So reports FIRE (the Foundation for Individual Rights in Education), though note that it’s pretty likely that the former president would nonetheless end up being indemnified by his former employer or the employer’s insurance carrier:
A federal jury today found former Valdosta State University (VSU) President Ronald M. Zaccari personally liable for $50,000 for violating the due process rights of former student Hayden Barnes in the case of Barnes v. Zaccari. In May 2007, Zaccari expelled Barnes for peacefully protesting Zaccari’s plan to construct two parking garages on campus, calling a collage posted by Barnes on his personal Facebook page a “threatening document” and labeling Barnes a “clear and present danger” to VSU….
Barnes’ ordeal began in the spring of 2007, when he protested Zaccari’s plan to construct two new parking garages on campus at a cost of $30 million. By posting flyers and sending emails to Zaccari, student and faculty governing bodies, and the Board of Regents of the University System of Georgia, Barnes expressed his concerns and proposed what he saw as environmentally friendly alternatives. Barnes also penned a letter to the editor of the VSU student newspaper about the proposed parking garage plans and wrote to Zaccari to ask for an exemption from the mandatory student fee designated for funding the construction.
In response to Barnes’ activism, Zaccari personally ordered that he be “administratively withdrawn” from VSU in May of 2007, ignoring the concerns raised by members of his administration. Zaccari absurdly claimed that Barnes presented a “clear and present danger” to both Zaccari and the VSU campus on the basis of a cut-and-paste collage Barnes had posted on his Facebook page that included pictures of Zaccari, a parking deck, and the caption “S.A.V.E.—Zaccari Memorial Parking Garage.” …
In September of 2010, the U.S. District Court for the Northern District of Georgia found that because Zaccari expelled Barnes without notice or a hearing, Zaccari violated Barnes’ constitutional right to due process. In its opinion (PDF), the district court ruled that because Zaccari ignored “clearly established” law in punishing Barnes, Zaccari could not avail himself of the defense of “qualified immunity,” and could be found personally liable for damages.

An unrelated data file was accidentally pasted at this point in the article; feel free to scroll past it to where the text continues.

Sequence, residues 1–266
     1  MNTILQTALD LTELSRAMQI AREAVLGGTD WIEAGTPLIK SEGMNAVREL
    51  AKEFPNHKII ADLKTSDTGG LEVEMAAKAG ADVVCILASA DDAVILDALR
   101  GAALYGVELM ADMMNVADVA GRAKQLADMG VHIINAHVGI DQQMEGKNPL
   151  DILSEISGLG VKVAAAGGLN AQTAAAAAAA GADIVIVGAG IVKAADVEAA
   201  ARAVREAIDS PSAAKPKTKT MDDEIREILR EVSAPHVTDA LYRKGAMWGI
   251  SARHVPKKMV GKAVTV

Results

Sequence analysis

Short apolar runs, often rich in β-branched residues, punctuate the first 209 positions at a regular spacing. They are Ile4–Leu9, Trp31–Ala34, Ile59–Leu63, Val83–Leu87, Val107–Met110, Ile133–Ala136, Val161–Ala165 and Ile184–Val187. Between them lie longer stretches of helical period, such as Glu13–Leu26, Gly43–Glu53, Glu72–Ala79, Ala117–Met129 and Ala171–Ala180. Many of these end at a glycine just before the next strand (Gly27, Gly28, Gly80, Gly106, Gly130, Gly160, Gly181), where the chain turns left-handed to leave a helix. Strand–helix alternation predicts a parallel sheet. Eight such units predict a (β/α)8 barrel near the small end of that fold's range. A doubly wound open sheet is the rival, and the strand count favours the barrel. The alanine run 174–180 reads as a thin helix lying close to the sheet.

Zaccari and the Board of Regents appealed the district court’s ruling to the United States Court of Appeals for the Eleventh Circuit in October 2010, and oral arguments in the case were heard in Montgomery, Alabama, in November 2011. The Eleventh Circuit upheld the district court’s denial of qualified immunity to Zaccari, finding that Barnes “had a clearly established constitutional right to notice and a hearing before being removed from VSU.” …
Following the Eleventh Circuit’s ruling, the case returned to federal district court. The trial began on Monday, January 28, 2013, before the United States District Court for the Middle District of Georgia, Valdosta Division, and ended today with a verdict in Barnes’ favor. In addition to the $50,000 judgment, attorneys’ fees still remain to be assessed against the losing party. Barnes’ separate breach of contract claim against the Board of Regents remains pending in state court….
Go here for links to the cited court opinions.